SHANGHAI — Vera Wang’s strategy for entering Asia is nothing short of a full-on blitzkrieg.
This story first appeared in the April 10, 2012 issue of WWD. Subscribe Today.
At the end of February, Mario Grauso, president of Vera Wang, confirmed that the brand was eyeing the Far East; however, he said that no deals had been signed and no concrete plans could be confirmed.
Now, a little more than a month later, plans are much more concrete and it’s clear that Wang’s strategy is to open boutiques as quickly as possible in almost every market across the region.
“It is important to capture the region all at once,” said Grauso who was here over the weekend as part of a two-week trip that included stops in Seoul, Tokyo, Hong Kong, Taipei and Singapore. “I don’t think we want to be fragmented. We want to enter with a bigger presence in Asia, so it was a concerted effort to open a few stores at once. The Asian consumer is constantly traveling, so I wanted her to see a store in Seoul, a store in Shanghai.”
Wang will open its first space in Tokyo in June, which will be a flagship boutique on the ground floor of a bridal store in the Ginza shopping district that is being developed by Hatsuko Endo, one of Japan’s top bridal companies and also Wang’s partner in the market. By July, Wang will have a similar space in a bridal store that is now under construction in Seoul. This month, the company is also opening stores in Moscow and Sydney. In July, it will open in Kuwait.
Grauso said the brand is close to signing a deal with a partner for its operations in Mainland China and Hong Kong. A space in Shanghai will likely open before the summer. Stores in Hong Kong and Singapore will be open by the fall, he said.
Wang’s bridal collections will be the initial emphasis in Asia, with other product categories possibly introduced later based on consumer demand.
“Clearly when you get to Asia, Vera is most known for her bridal,” Grauso said. “So we feel it is safest and easiest for us to lead with bridal.”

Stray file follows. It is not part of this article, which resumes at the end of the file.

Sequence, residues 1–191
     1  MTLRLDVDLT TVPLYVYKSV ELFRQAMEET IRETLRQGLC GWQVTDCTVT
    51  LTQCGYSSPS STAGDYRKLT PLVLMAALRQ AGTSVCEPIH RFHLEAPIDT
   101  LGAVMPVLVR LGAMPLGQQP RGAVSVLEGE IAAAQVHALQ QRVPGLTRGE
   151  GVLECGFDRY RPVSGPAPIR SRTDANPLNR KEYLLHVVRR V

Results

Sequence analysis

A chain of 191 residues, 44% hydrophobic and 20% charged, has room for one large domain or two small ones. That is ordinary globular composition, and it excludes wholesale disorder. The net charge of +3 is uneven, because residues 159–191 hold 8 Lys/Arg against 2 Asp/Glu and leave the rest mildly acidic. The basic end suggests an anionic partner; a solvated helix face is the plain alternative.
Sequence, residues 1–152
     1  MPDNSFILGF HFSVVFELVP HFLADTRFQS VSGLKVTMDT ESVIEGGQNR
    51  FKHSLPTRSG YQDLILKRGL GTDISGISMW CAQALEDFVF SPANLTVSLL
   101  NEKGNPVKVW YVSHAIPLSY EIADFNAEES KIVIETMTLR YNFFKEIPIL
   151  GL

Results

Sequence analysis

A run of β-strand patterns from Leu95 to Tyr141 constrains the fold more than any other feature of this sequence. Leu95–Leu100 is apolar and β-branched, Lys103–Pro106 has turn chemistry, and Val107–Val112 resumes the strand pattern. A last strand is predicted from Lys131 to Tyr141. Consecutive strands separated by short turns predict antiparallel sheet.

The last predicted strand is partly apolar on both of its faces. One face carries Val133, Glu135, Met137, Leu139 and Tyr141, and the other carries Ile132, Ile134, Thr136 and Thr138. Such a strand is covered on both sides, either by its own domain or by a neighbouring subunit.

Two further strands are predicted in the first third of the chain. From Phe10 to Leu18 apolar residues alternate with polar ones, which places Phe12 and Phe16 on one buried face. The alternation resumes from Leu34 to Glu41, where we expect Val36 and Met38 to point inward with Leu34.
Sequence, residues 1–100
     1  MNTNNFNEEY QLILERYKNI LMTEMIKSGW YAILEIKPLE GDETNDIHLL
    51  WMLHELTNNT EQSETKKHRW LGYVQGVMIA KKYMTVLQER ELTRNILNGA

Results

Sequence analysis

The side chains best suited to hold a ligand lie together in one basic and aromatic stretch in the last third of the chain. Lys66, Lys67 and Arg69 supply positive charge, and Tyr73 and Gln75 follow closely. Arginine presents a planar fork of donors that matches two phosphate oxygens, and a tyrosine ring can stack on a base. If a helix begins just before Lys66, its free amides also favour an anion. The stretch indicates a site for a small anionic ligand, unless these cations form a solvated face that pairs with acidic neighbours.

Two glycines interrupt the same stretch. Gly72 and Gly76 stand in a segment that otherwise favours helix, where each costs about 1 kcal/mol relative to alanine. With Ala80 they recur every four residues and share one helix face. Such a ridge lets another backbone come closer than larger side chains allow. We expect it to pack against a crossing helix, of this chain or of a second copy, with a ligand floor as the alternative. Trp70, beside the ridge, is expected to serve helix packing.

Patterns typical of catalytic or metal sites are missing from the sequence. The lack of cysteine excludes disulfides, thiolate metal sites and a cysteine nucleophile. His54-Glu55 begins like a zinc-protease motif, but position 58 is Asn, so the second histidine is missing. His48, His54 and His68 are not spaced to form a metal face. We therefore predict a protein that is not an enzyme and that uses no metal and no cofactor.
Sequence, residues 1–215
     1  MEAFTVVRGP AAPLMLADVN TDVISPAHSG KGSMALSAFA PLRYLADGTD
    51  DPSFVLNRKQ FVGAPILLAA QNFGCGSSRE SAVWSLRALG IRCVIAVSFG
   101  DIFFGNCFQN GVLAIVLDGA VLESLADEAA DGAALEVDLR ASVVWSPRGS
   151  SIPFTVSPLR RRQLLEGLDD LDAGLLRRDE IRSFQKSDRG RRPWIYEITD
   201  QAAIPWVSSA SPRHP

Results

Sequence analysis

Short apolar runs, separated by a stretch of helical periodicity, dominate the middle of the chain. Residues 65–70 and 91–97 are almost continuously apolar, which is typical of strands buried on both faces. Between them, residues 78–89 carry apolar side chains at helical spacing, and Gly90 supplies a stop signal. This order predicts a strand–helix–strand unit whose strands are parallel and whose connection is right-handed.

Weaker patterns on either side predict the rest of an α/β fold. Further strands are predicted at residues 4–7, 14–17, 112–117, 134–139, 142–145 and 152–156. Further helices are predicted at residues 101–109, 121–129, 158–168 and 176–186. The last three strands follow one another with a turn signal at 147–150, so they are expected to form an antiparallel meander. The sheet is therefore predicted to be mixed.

The timing for entering Asia stems partly from the fact that Wang has developed and rolled out its own retail concept in a number of cities across America that executives now say they feel can be easily exported to other markets.
“We feel strongly as a company that bridal not sit in environments that are not our environments,” Grauso said. “We have always been very hesitant to allow people to carry our bridal here [in Asia] because we have not been able to build environments. That is really why we have not entered Asia properly. I don’t think we had a concept as strong as we do today.”
The other reason for entering the region is that couples are spending more money than ever on elaborate weddings. “The emphasis on wedding is so strong here,” Grauso said. “So we feel really good about it.”
It is clear that Wang’s emphasis in the region will be in the Chinese market where millions of couples spend billions of dollars annually on elaborate weddings, which are used as vehicles to display a family’s wealth and social status.
There are talks for Wang to have her own television show on the mainland, in which Grauso said the designer would leverage her Chinese roots to connect with local consumers. Chinese model Shu Pei has been the face of several Wang campaigns.
“Vera is Chinese, so I think she can probably relate to this consumer more than anywhere other than the U.S.,” Grauso said. “Culturally, she really understands the Chinese, so I am not too worried. I would be nervous to enter simply with bridal if Vera weren’t Chinese.”
With the exception of red wedding gowns, Grauso said product selection and pricing will remain the same as in other markets. There are no immediate plans to sell lower-priced gowns such as the Wang designs that are available in the more mass market David’s Bridal in the U.S. There are also no plans to rent out wedding gowns, which is a common practice in China.
“We would like to stay aspirational,” Grauso said.